A new Master of Construction Management degree being offered by AUT University answers a direct call from Fletcher Construction, Beca and the New Zealand Institute of Building for industry-specific management training.
The degree, which will be offered from next year, focuses on management, economic, legal and engineering skills.
Fletcher Construction and Beca say they approached the university because increasingly complex projects had made a postgraduate degree in construction management an essential offering.
Beca consulting engineer and former board member Rod Barker says along with many key industry contractors, Beca is welcoming the degree because, until now, there has been a gap in the tertiary education market.
“Many of today’s senior construction managers have taken on their responsibilities based directly on a tertiary academic grounding in either engineering or quantity surveying, or a technician qualification in construction,” he says.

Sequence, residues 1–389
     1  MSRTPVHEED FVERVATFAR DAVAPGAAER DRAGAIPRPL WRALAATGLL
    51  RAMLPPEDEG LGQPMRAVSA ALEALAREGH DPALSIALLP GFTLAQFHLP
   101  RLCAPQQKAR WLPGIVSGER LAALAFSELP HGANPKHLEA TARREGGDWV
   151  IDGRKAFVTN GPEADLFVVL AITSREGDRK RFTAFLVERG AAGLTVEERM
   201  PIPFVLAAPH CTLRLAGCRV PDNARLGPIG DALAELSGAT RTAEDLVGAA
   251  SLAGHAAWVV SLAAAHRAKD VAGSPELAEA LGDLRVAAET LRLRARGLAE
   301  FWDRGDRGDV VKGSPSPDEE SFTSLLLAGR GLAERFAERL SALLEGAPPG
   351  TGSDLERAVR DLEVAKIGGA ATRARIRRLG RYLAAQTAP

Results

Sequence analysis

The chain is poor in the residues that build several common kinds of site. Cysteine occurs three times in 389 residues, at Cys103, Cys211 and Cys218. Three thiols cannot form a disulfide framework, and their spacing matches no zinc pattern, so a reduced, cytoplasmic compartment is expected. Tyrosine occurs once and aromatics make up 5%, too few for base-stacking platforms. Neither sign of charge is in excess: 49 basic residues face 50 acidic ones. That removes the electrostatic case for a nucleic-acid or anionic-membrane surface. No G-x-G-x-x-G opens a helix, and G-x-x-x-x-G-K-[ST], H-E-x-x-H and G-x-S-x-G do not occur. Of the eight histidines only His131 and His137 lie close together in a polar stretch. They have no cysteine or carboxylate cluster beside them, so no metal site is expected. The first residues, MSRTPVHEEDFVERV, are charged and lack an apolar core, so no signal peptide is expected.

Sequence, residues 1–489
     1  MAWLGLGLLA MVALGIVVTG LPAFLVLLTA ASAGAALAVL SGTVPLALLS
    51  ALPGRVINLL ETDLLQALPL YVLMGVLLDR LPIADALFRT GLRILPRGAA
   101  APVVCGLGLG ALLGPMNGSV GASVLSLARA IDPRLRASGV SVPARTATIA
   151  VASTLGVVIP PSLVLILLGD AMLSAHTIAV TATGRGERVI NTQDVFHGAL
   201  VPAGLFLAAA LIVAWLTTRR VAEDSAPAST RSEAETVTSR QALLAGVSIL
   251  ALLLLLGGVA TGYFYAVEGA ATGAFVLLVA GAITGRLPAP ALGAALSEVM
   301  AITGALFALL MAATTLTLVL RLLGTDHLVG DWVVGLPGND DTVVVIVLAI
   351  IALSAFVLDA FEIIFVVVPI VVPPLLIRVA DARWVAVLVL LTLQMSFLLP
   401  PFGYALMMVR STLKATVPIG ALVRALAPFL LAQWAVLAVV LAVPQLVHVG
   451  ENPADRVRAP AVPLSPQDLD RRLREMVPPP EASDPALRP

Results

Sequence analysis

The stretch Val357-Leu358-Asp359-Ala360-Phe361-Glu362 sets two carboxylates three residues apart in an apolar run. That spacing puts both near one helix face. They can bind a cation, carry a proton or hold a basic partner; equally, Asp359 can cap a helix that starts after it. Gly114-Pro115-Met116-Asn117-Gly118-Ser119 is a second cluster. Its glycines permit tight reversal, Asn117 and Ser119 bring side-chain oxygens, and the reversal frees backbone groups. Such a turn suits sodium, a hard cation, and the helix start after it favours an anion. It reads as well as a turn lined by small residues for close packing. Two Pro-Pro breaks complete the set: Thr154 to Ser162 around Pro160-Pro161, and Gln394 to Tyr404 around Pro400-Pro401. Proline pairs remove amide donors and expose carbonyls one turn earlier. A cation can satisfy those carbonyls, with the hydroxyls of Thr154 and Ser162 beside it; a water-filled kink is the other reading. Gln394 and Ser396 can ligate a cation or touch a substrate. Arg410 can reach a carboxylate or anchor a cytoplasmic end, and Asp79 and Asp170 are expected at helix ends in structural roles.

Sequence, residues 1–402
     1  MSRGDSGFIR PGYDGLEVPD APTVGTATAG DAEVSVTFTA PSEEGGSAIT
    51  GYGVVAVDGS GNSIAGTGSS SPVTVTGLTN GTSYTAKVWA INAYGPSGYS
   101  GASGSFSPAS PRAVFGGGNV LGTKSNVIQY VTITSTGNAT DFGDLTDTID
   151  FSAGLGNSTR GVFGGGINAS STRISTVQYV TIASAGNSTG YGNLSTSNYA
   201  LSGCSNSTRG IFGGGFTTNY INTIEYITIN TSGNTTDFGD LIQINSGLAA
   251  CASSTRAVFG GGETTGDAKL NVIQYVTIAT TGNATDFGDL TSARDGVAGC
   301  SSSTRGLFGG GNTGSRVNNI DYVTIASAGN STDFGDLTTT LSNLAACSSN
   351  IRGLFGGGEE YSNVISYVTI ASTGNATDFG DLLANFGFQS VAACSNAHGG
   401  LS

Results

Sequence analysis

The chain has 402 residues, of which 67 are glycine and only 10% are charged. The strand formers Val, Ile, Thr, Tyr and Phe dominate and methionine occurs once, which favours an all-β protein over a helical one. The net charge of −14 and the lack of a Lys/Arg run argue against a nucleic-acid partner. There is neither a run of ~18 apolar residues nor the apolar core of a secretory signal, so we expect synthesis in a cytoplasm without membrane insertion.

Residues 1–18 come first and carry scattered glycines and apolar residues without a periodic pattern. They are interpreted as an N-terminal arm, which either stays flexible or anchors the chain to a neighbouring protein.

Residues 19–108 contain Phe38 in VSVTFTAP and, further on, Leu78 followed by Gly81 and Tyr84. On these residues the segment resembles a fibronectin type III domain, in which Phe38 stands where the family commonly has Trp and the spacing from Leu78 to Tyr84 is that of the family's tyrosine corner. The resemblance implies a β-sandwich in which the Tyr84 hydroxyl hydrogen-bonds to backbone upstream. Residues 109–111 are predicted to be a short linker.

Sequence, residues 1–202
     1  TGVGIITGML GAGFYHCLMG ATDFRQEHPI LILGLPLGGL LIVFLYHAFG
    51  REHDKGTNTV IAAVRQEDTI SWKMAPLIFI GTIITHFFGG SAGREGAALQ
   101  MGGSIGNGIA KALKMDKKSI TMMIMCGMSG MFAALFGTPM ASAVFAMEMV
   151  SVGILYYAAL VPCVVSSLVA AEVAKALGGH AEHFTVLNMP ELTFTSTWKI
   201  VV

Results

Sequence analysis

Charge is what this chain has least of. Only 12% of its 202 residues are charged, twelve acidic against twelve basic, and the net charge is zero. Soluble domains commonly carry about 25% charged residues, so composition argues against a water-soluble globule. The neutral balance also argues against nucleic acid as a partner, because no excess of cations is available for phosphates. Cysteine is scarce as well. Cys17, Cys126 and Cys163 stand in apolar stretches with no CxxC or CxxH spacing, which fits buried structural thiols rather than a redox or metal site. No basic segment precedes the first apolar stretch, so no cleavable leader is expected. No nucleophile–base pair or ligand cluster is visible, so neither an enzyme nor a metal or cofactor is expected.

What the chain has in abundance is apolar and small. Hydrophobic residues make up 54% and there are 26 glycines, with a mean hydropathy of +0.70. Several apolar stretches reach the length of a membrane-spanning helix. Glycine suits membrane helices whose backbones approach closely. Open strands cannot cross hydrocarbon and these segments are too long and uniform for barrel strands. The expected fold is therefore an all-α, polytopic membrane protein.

“While those qualifications and applied experience provide a great background, it has meant that today’s senior construction managers have had to learn their management of construction skills without the additional advantage of a solid tertiary academic grounding aimed directly at their construction role.”
Fletcher Construction chief quantity surveyor Daniel Cooper says the new degree will reduce the trend toward importing qualified talent to manage large projects.
“The market is changing. It is becoming tougher, more paper work oriented, there are more laws and statutes to contend with and, subsequently, higher risks of disputes. And this is combined with higher expectations from clients,” Mr Cooper says.
AUT School of Engineering head Professor Thomas Neitzert says the university worked closely with industry to develop a qualification that would meet the market’s needs.
“Managing building development is unique because of the role that technical knowledge is expected to play in the decision-making process.
“But the best technical knowledge on its own isn’t enough to succeed in today’s complex operating environments, and the degree addresses the shortfall in complementary management skills.”